Olivia Holley, 22, and Taylor Gulish, 22, put PPE on before collecting water samples from Leslie Run creek on Feb. 25, 2023 in East Palestine, Ohio. Holley and Gulish are testing the pH and the total dissolved solids (TDS) of the water. On February 3rd, a Norfolk Southern Railways train carrying toxic chemicals derailed causing an environmental disaster. Thousands of residents were ordered to evacuate after the area was placed under a state of emergency and temporary evacuation orders.

Article continues below advertisement

What are dioxins?

Dioxins, which are also known as tetrachlorodibenzo para dioxin (or TCDD), are a chemical compound that can be found naturally, worldwide. Considered one of the "dirty dozen" persistent organic pollutants (POPs), dioxins can build up in the bodies of humans and animals, according to the World Health Organization (WHO). And because of their chemical stability, they can stay there for up to 11 years.

There are many ways in which people – and animals – can be exposed to dioxins. Sometimes, it's through forest fires or volcanic eruptions, and other times, it's through the consumption of contaminated meat, dairy, or fish.

East Palestine residents, however, run the risk of be exposed because of vinyl chloride that was released into the air after the Norfolk Southern train crash. Because burning vinyl chloride produces dioxins, fires that resulted from the derailment likely caused them to spread.

Article continues below advertisement
East Palestine
Source: Getty Images

What do dioxins do to the body?

Dioxins definitely aren't something you want to be exposed to, if you can avoid it. But in this case, it might not be possible.

According to the National Institute of Environmental Health Sciences, dioxins have been linked to a wide range of cancers among people and lab animals. Dioxins have also been connected to a wide range of other potentially fatal diseases, including type 2 diabetes, ischemic heart disease, and a dermal ailment called chloracne, which often occurs among those exposed.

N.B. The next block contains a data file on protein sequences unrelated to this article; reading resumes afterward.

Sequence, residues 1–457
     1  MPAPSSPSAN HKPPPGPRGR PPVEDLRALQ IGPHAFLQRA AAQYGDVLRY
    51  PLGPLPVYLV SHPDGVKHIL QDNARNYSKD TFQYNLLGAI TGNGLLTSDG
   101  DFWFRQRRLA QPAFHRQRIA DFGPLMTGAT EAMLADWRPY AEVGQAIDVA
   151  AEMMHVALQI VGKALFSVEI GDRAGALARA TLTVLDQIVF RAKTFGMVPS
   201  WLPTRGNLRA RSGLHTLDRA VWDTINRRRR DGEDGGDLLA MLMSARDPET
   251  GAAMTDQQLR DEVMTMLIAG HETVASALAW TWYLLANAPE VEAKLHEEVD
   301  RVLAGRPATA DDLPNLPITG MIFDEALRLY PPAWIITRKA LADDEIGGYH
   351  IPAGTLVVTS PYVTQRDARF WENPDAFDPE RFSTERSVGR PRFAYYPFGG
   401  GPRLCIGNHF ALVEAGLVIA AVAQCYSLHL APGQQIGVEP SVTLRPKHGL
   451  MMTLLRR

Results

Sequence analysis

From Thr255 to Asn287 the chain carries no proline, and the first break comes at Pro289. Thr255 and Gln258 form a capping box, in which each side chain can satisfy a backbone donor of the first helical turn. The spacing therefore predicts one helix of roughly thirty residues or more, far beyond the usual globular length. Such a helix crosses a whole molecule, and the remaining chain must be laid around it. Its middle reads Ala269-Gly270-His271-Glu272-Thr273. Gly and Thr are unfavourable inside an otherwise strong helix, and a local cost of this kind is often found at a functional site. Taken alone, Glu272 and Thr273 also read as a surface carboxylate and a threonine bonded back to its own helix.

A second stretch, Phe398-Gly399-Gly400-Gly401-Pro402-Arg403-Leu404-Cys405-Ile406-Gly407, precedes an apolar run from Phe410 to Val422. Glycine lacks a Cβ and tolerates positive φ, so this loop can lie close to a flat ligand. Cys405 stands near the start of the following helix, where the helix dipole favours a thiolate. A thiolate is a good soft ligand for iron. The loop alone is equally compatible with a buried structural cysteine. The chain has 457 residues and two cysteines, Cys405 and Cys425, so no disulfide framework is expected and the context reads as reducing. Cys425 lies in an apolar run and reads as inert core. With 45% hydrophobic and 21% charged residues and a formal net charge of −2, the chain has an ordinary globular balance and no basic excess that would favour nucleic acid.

Article continues below advertisement

Dioxins can also interfere with the human body's hormones. They can contribute to reproductive issues, and even infertility, among adults. Dioxin exposure can also result in miscarriages, and they can wreak havoc on the immune system.

But the problems caused by dioxins can take a nasty toll on all walks of life – with the ability to infiltrate the womb. When pregnant people are exposed, the fetus could develop a host of developmental issues.

If the site of East Palestine's train crash ultimately does test positive for dioxins, according to the Illinois Department of Public Health, there are tests that can measure dioxin levels in the blood, body fat, and breast milk. But because the analysis is incredibly pricey and unfortunately time consuming, Norfolk Southern will hopefully cover the costs for that, as well, to give residents even a sliver of justice they deserve.

Advertisement
More from Green Matters

Latest News News and Updates

    Opt-out of personalized ads

    © Copyright 2023 Green Matters. Green Matters is a registered trademark. All Rights Reserved. People may receive compensation for some links to products and services on this website. Offers may be subject to change without notice.